If you ride a local METRO bus in Harris County it will most likely cost you $1.25, though there are also half-priced fares for students, seniors and people with disabilities. But what if you didn't have to pay at all?
Tory Gattis from the Center for Opportunity Urbanism said he's been encouraging METRO to take a fresh look at its fares.
"We have to wonder, if we were able to reduce or eliminate these fares, how many more riders would we get on these HOV buses and how much would this reduce congestion on the freeways," he said.
Gattis, who also writes the transportation blog Houston Strategies, said the benefits would include reduced traffic congestion, increased air quality and faster travel times.
As it stands right now, most of METRO's operating funds don't come from the fares. The transit agency gets most of its money from a one-cent sales tax, which caught the attention of Harris County Precinct 3 Commissioner Steve Radack.
Radack recently spoke before the METRO board on why the agency should consider free or reduced fares. He said that people are already paying for the transit service through the sales tax and a financial incentive for riding could get more people on board.
"And so if we just keep going the way we're going, we're going to build more freeways, we're going to continue to do other forms of transportation, but at the end, it makes no sense to have buses only partially full running around," said Radack.
Transit ridership has been mostly flat over the past year, but METRO hopes to boost those numbers through a package of long term improvements. Voters just approved a $3.5 billion bond issue to help pay for it.
METRO Chairman Carrin Patman said while fares aren't a huge part of their budget, they’d have to figure out a way to make up that money if they stopped charging riders.
"I think what people don't realize is there are unanticipated consequences of a free fare policy that we just need to fully consider before we went to it," Patman told News 88.7.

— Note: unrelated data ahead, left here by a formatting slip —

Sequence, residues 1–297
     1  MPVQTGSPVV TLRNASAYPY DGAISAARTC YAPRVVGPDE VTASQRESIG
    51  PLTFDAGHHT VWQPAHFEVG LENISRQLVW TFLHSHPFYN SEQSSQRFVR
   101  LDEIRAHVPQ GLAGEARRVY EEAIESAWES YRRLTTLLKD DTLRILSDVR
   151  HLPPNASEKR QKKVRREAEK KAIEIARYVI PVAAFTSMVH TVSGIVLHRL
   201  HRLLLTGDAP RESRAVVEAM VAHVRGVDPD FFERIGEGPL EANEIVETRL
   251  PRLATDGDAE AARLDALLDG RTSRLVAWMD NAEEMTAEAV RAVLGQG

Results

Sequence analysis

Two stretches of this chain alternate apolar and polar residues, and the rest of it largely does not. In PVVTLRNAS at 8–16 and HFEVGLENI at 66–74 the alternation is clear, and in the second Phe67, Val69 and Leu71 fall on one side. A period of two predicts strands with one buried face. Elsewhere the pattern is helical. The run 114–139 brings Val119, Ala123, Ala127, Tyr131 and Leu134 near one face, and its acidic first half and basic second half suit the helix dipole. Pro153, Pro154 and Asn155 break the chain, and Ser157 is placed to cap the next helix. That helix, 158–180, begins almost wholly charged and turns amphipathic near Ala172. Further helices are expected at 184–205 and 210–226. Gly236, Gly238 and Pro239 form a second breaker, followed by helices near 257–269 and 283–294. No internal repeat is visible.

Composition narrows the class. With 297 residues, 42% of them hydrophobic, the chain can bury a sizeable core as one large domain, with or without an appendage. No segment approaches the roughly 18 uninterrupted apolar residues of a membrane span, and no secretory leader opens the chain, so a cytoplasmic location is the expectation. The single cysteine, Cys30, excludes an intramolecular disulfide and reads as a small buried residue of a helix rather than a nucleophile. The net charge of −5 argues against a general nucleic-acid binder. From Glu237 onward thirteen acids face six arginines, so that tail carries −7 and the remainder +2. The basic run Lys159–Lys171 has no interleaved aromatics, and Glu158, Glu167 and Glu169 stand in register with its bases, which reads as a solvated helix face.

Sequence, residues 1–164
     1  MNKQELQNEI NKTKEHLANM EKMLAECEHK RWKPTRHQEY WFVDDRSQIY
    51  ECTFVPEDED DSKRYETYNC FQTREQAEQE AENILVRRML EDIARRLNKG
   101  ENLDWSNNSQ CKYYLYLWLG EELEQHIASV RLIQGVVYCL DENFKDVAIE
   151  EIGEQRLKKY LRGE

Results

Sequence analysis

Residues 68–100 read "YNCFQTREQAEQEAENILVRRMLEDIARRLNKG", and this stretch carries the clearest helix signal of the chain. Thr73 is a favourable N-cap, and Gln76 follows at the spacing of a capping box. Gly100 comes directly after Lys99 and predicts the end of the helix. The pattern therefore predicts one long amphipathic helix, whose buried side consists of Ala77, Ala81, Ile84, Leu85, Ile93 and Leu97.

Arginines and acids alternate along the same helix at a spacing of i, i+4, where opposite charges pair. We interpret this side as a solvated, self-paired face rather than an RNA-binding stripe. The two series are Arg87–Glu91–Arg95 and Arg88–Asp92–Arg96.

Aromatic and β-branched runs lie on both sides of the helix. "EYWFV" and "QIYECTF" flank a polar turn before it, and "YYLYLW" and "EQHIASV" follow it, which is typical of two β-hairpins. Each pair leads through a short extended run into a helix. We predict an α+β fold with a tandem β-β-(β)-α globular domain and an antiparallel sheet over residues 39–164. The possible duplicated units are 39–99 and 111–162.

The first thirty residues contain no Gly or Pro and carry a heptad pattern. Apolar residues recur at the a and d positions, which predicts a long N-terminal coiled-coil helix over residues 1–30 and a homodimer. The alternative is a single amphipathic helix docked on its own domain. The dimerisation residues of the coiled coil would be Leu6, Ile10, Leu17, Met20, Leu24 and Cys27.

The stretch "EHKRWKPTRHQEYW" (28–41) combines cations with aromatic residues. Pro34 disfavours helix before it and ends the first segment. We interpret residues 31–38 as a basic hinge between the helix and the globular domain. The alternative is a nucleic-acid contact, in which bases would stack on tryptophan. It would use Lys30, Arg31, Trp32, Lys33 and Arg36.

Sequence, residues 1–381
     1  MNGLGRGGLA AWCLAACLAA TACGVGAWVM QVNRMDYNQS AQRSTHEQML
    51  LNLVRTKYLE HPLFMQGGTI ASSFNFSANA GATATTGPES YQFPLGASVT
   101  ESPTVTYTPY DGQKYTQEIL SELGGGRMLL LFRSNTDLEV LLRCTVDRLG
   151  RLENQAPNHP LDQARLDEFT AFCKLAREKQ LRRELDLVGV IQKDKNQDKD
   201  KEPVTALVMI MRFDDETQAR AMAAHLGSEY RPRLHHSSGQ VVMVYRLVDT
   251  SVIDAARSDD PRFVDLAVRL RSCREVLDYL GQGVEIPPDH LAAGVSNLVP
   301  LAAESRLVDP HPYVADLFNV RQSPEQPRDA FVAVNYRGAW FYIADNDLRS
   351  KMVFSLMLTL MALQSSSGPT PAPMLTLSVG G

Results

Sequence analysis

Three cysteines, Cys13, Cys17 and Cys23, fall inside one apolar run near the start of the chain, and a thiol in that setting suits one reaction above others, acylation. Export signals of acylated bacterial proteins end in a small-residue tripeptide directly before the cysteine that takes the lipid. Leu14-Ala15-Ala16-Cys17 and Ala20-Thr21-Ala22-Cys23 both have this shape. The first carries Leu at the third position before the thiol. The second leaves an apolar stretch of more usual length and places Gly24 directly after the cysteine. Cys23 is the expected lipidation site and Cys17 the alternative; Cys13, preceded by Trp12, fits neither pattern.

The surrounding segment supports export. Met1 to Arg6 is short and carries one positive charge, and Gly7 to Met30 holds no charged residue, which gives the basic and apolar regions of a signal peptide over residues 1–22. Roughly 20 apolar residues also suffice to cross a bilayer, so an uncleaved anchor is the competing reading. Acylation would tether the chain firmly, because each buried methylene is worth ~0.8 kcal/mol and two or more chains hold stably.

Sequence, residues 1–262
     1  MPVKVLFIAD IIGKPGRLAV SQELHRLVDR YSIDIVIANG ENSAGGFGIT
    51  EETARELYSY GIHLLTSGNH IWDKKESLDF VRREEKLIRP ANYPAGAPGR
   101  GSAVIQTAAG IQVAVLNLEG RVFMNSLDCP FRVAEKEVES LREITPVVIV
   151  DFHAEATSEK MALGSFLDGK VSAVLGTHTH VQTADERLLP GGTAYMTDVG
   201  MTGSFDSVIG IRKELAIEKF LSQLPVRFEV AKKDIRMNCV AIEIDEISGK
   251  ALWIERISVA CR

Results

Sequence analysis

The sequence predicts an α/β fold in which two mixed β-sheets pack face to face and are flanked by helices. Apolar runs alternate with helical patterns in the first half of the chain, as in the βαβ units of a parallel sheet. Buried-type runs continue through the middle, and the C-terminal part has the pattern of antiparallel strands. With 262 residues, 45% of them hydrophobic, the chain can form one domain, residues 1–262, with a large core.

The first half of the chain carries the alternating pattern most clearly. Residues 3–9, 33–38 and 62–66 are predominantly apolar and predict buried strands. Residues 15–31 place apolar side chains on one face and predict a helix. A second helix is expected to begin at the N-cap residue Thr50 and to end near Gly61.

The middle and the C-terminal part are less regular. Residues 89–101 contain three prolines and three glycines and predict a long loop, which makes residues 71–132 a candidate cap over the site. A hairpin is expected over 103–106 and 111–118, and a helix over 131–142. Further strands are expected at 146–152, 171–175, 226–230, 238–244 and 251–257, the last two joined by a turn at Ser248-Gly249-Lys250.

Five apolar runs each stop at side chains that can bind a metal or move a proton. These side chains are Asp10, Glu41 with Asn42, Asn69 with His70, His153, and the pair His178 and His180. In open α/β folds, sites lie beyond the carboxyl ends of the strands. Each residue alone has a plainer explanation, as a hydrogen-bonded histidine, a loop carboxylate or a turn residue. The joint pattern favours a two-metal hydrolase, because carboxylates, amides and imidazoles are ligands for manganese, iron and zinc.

And those consequences are what concern Oni Blair. She heads the transportation advocacy group LINK Houston. Blair said to get more riders, METRO needs to put its focus on other issues.
"It's the little things we take for granted," said Blair. "Does the bus come on time? Because if I'm trying to schedule my day I need to get there on time and know what to predict. Does the bus come frequently, so people don't have to wait half an hour to an hour for the bus to come? Can I wait in dignity at a shelter that is accessible and safe for me?"
And Blair said that all those things cost money.
"The loss of revenue from the fares METRO currently has would undermine their other access to improving operations, improving customer service, improving all of those things," said Blair. "If they don't have that revenue they can't address the things that people want."
METRO's financial analysts are currently looking at whether the agency should reduce or eliminate fares. The board is now waiting to get a report.
"I am hopeful that METRO will be willing to take a little risk and go out on a limb and at least try it," said Gattis. He's suggesting METRO try the free fares during off-peak hours.
METRO officials said if they do move forward with free or reduced fares, they'd start with a pilot program and it wouldn't all happen at once.